Malaysian death crawlers HUMILIATION are releasing their fourth album in as many years, "Turbulence From the Deep". Taking their oppressive cues from BOLT THROWER and ASPHYX, the quintet gets all the credit in the world for their dedication, even if they should be structurally far more along the curve at this point.
What HUMILIATION does is minimalist to begin with. Simplistic chugs with only a handful of chord variations within each song, unfortunately, the whole scheme becomes more of a detriment than an attribute. While there's implied menace by focusing on slow, metrical strokes, the rugged picking and haphazard note swerves becomes redundant by the third track, "Phosphorous Shell". When you're dishing out fifty-plus minutes of the stuff, only those with shaded constitution can grow addicted to it.
Regrettably for HUMILIATION's purposes, their mission to convey the haplessness of war becomes more of a shot in the foot instead of a blare of vengeance. Their scuttling chuffs seem to go on forever, even when they toss in a speed whip now and then. On "Bachok's Invasion", the velocity is peddled as an intro before skidding back into a lasting succession of slow and mid-tempo marches.
The transitions on "Bachok's Invasion" are a bit sloppy, here and all throughout the album. Despite a good, emotional solo section between guitarists Shah and Asraf (they also shine on "Sea Denial" and "The Deadly Double") the messy songwriting becomes a chore to hang with. "Home Front" at least elevates the note pitches to prick the ears awake long to enjoy the brief grinds and moshes that open and wrap "Total War". If there's a bona fide skullcrushing moment on this album, it's the steady, PRO-PAIN-esque pounding stationed on "Order of Battle". Alas, the song was needed much earlier in the album to break up "Turbulence From the Deep"'s monotony.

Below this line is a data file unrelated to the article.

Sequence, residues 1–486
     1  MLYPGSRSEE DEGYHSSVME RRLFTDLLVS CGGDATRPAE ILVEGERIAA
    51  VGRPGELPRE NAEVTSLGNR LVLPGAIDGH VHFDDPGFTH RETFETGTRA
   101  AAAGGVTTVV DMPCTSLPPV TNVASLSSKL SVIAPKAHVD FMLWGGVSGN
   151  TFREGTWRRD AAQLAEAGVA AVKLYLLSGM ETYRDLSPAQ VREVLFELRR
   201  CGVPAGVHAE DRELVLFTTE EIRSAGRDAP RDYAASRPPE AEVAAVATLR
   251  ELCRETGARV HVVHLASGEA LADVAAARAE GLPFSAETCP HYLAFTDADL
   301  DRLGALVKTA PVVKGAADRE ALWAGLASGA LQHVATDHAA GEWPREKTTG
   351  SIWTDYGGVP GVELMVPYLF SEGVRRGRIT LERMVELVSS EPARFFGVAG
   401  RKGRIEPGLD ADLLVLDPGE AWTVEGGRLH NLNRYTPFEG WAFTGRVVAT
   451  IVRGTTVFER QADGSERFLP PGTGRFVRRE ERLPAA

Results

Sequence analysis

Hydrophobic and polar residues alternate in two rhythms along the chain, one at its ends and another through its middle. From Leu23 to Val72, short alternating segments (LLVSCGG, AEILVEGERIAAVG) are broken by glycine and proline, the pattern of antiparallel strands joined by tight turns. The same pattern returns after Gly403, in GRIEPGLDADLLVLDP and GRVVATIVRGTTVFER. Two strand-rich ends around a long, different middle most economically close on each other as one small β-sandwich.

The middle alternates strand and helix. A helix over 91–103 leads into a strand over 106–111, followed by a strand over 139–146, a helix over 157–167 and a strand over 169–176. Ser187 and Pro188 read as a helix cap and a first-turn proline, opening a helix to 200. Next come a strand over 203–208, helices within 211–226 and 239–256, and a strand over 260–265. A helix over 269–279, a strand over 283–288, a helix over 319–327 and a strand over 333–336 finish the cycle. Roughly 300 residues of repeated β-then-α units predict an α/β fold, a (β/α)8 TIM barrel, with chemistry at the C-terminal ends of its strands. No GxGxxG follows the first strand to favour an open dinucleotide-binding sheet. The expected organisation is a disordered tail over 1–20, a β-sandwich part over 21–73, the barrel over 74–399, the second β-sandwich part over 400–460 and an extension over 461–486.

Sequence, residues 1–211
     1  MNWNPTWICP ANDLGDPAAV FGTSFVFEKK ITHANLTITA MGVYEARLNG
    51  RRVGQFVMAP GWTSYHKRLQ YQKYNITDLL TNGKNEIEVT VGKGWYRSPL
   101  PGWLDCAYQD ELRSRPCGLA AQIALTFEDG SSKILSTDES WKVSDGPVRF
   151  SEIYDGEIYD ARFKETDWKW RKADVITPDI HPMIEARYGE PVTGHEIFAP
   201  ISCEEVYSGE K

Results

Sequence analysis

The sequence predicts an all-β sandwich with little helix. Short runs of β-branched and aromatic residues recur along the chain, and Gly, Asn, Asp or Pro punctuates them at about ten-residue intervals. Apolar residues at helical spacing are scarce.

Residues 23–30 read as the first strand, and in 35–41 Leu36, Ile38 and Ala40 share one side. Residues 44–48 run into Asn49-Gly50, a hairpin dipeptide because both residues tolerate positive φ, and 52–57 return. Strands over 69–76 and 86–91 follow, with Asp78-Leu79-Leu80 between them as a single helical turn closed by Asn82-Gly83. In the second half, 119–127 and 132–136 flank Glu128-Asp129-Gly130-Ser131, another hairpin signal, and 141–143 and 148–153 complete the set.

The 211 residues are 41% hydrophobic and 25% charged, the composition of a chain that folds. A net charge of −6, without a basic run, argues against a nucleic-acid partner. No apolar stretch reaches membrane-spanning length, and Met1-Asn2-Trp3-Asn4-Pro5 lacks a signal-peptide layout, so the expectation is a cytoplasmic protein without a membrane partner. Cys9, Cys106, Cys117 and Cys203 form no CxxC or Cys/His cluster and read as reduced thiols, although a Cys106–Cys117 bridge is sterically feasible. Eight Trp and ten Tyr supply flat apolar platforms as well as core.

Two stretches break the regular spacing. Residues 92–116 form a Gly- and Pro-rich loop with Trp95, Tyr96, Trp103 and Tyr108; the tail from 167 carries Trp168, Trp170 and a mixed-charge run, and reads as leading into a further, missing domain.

Particularly exasperating Mudon's drumming. He plays decent in acceleration mode, but trips all over the place on his slow double hammers. When the songs call for heavy, panting tempos at nominal bpms, the bass drums frequently sound like wobbly cat patters. "Phosphorous Shell" and "Operation Obeo One" are glaring examples. It takes jagged thrash spikes (found only in increments) before there's full congruence between drums and strums.
Bear Bee pukes, pukes and pukes some more all over the album, yet his mindfulness for rhythm makes his one-trick-pony ralphs forgivable. Bassist Afe hangs in the pocket while everything rolls across his sturdy pulses. It's just a shame there's little else to brag about overtop him. "Turbulence From the Deep" needed a lot more attention to arrangement, execution and inventiveness, albeit kudos to the poignant acoustic outro, "Submerged at the Seabed".
War is an ugly thing for sure, but the winding point is enforced within two songs of "Turbulence From the Deep". Everything afterwards becomes tiresome reiteration.